Today's rectors all seem to take their jobs seriously, and perhaps the Kemp and Slattery experiences have led students to be more careful about whom they elect.
In nominations, however, Croser says few students consider how a candidate might represent them. "They're thinking of someone who will be interesting when they appear." Kev Head, vice-president of St Andrews' student association, says there are students who nominate someone they think will do a good job, those who nominate someone they would like to meet, and those who nominate someone "for a bit of fun" - as only 20 signatures are necessary, the process is "quite open".
Dundee's most recent candidates included a student's pet rat (nomination invalidated because the nominee had not signed the form) and Baywatch star David Hasselhoff (who turned down the nomination).
Rectors of Glasgow University 1820-2000 , by Donald Wintersgill, £12.00, is available from Glasgow University visitor centre.
Sir Alexander Fleming Edinburgh University 1951
Having been elected rector, the Scots-born discoverer of penicillin admitted that he had never before been to a Scottish university, and he was nervous because rectorial installations could be boisterous. When students disrupted his address, Edinburgh's establishment condemned the "scandalous buffoonery and rudeness". Fleming sighed: "It seems a pity that one should take so much trouble to prepare an address that is not listened to. There is a well-known saying about pearls and swine."
Ross Kemp Glasgow University 1999
Students forced out Ross Kemp, who played hardman Grant Mitchell in the TV soap East-Enders , after a poor record that included missing the freshers' week address two years running. He defended his record as being "better than Winnie Mandela's": she was elected in 1987 as a symbol of the anti-apartheid movement and was prevented by the South African government from coming to Glasgow.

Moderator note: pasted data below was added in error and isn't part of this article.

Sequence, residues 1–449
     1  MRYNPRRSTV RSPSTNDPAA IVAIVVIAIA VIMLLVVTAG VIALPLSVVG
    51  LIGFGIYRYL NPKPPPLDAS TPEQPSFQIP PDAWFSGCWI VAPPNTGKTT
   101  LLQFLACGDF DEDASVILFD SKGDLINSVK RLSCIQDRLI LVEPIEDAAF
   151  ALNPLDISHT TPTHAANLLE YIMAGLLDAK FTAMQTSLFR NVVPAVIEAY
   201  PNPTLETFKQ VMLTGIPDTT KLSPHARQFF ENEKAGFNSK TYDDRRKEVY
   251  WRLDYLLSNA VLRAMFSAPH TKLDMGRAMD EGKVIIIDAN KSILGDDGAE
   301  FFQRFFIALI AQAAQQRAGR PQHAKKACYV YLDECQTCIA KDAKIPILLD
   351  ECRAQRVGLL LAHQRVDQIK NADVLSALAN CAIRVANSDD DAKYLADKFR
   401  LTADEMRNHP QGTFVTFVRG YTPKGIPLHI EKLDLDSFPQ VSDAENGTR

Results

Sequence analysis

Stephen Fry Dundee University 1992 and 1995
The actor and entertainer proved an able and popular choice, generous with his time and money. He held student surgeries, supported a rents protest and praised the Scottish education system. He was persuaded to stand unopposed for a second term. After he was quoted as admitting to having taken Ecstasy, the university and the students rebuffed external demands for Fry's resignation. His comments coincided with the start of a national student drugs awareness campaign.
Dundee said it took a tolerant view of rectors' "colourful and individualistic views on the world" without necessarily sharing them.
Edinburgh's Green man
Robin Harper, rector of Edinburgh University, is unusual in being a politician, but he is also an unusual politician.
The Scottish Green Party MSP, often seen in a multicoloured Doctor Who scarf and black hat, is the UK's first Green parliamentarian. He was on an anti-nuclear protest when the university phoned to say he was the sole nominee for the post. "I could have been the first rector to be arrested. I might still achieve that distinction," he says.
A former musician and teacher who is now a member of Lothian Health Council and Lothian Children's Panel, Harper is not fazed by chairing the university court. "I think it's important for the ultimate court of appeal for the university to have an independent chair."
Only Edinburgh's rector is elected by students and staff, and Harper sees both as his constituents. His style is persuasion rather than confrontation. He has proved adept at attracting positive publicity for the university when he represents it, and has used his post to fight the stigma surrounding mental health.